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Drinking Coffee - A Centuries Old Tradition

By:  Charles Etungen

Coffee is the product of a seed that is grown both in rows in sun or more traditionally on the hillsides under shade. The coffee plants blossom and the fruit of the blossoms are the coffee berries. The two major species of coffee are the most popular Arabica and the more bitter Robusto. These berries are fermented, soaked, hulled and sorted, dried, and then the beans can be ground, whether at home or commercially, into many different forms of a consumable beverage.

The coffee plant is indigenous to the subtropical areas of Africa and southern Asia. It has spread for cultivation in warm areas all around the tropical Earth. From Columbia to Kona, Viet Nam to Brazil, coffee plants produce some of the most sought after berries on Earth. Coffee was first consumed in Ethiopia, but not in liquid form; the berries from the coffee shrubs were consumed by goats. The goats then seemed to have a positive reaction to the fruit, and their actions were mimicked by the goat herders. The caffeine in the berries, and its affects on the body, were then discovered and the popularity of the plant is now multi-billion dollar history.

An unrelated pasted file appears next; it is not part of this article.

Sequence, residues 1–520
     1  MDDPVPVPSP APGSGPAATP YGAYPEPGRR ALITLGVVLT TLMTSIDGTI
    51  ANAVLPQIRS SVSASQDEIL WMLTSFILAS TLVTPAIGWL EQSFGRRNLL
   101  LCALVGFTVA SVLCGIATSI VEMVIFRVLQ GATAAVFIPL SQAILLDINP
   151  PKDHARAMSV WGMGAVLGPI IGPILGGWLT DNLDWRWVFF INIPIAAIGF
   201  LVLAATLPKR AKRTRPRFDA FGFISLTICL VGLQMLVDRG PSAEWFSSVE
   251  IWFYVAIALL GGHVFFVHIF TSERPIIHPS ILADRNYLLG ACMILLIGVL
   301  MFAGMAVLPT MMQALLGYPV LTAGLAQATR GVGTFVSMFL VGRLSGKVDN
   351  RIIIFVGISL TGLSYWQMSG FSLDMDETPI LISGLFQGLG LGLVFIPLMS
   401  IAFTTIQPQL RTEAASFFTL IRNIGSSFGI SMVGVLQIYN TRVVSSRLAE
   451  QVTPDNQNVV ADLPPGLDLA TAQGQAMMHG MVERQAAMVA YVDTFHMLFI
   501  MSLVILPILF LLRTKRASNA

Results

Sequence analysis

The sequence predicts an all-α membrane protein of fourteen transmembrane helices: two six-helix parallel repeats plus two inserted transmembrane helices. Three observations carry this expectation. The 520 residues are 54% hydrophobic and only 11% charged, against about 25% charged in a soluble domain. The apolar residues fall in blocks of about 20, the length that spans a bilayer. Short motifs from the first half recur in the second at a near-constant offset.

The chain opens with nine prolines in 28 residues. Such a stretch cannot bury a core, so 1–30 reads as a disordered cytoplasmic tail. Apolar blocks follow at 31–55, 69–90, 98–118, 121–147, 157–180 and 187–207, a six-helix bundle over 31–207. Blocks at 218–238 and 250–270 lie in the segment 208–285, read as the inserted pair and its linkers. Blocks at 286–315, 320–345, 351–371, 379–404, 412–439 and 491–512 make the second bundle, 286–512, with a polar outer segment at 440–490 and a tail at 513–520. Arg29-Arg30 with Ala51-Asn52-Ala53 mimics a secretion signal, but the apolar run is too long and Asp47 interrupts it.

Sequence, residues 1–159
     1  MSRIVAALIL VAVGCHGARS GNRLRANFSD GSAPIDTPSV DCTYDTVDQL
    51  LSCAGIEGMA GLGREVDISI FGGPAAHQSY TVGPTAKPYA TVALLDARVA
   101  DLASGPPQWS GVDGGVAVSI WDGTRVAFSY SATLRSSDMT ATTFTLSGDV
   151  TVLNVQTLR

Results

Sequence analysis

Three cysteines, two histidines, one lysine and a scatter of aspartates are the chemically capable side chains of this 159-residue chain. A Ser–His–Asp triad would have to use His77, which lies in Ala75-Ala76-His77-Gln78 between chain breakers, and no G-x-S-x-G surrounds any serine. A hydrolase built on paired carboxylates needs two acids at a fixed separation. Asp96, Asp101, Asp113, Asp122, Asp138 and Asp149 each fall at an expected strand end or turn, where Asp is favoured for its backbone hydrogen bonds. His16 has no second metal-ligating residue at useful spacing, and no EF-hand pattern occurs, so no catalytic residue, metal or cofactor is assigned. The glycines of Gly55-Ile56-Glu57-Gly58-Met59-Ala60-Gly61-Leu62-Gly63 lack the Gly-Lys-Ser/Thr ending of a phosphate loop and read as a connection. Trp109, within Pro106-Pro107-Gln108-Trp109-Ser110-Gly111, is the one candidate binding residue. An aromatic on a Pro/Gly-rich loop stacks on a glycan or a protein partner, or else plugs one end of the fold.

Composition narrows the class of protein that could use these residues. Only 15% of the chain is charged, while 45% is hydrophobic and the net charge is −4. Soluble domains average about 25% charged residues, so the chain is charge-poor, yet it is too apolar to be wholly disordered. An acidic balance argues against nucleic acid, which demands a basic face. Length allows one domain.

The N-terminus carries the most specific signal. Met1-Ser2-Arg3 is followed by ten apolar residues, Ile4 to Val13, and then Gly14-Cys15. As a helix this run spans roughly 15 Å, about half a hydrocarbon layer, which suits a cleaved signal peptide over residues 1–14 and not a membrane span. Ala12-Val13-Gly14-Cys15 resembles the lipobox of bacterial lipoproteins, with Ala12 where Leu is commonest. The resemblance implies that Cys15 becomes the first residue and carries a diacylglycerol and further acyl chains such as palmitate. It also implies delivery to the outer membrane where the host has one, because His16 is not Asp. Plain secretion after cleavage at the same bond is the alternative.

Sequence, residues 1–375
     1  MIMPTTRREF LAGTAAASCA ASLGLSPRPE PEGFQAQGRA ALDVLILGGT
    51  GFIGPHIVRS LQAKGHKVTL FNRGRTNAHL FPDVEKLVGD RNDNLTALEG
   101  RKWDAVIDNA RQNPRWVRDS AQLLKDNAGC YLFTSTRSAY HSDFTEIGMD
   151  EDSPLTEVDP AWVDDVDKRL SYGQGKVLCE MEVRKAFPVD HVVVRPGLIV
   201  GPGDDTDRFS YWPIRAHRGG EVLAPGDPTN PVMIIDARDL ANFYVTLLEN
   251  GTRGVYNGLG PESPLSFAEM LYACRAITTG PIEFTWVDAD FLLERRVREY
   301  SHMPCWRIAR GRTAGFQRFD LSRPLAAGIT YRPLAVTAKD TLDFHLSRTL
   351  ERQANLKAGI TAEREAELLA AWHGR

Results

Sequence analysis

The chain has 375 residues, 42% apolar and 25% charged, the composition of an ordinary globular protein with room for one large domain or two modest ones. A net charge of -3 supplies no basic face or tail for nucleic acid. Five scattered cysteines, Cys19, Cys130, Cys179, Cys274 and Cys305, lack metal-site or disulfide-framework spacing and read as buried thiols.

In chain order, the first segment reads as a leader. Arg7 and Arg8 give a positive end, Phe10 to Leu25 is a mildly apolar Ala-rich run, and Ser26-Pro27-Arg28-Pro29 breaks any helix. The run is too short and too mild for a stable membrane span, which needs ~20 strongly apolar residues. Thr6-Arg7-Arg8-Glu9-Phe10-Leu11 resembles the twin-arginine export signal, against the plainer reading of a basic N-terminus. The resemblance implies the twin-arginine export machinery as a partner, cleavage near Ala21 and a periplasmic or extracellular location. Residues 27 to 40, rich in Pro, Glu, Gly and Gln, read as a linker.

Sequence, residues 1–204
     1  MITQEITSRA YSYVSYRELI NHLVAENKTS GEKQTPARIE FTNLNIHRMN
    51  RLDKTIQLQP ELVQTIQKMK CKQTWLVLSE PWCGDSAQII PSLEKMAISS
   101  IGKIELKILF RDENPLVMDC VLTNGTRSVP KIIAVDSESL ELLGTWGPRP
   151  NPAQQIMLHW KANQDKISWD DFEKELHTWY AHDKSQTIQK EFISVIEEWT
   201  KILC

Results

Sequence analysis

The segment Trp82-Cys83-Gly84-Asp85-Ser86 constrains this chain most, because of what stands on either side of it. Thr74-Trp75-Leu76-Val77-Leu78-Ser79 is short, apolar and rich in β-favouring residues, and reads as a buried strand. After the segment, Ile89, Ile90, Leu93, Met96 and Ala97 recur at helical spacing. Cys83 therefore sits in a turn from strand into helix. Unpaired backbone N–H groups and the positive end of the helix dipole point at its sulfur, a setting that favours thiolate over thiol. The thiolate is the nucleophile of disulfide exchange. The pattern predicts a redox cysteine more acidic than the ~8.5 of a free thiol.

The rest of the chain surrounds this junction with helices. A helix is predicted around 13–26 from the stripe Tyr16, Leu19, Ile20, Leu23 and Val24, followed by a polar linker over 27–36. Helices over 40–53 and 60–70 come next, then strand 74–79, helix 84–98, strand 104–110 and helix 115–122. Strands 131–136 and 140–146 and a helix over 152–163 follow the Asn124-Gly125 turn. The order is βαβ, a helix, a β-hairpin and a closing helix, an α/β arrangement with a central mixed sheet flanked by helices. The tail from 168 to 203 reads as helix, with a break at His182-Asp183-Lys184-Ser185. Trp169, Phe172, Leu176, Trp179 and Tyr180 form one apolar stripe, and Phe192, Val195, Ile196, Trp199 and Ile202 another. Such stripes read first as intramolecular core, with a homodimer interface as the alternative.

The Muslims are credited with introducing the drink to Italy, and the Italians then helped to spread the drink through out Europe. England's first coffee house was built in the late 17th century. What exactly all of these people were drinking isn't always known, but there have been various methods of consuming coffee, from chewing the berries, to drinking coffee as a cold mix of the grounds and water, to the hot drink espressos and lattes of today.

As with many popular substances, coffee has had a past rife with controversy. It has been both banned and blessed by several religious organizations at different time in history. Coffee has been used in religious observances in Yemen and parts of Africa; it was banned by the Ethiopian Church. The Ottoman empire in Turkey also banned its use during a political struggle in 17th century and their have been many political rebellions across Europe regarding its use.

The Dutch imported coffee on a huge scale. They were so enthralled with the beverage that they were more than willing to ignore the trade embargo with the Arabs against exporting coffee. Seeds were smuggled in 1616 by Pieter van den Broeck into Europe and planted in Java and Ceylon.

The Roman Catholics, prior to 1600, considered the black liquid the devil's drink, given to Muslims to replace wine. Pope Clement VII, who really enjoyed the brewed concoction, baptized the drink. Venice became a very popular import site for the beans, and coffee spread across Europe.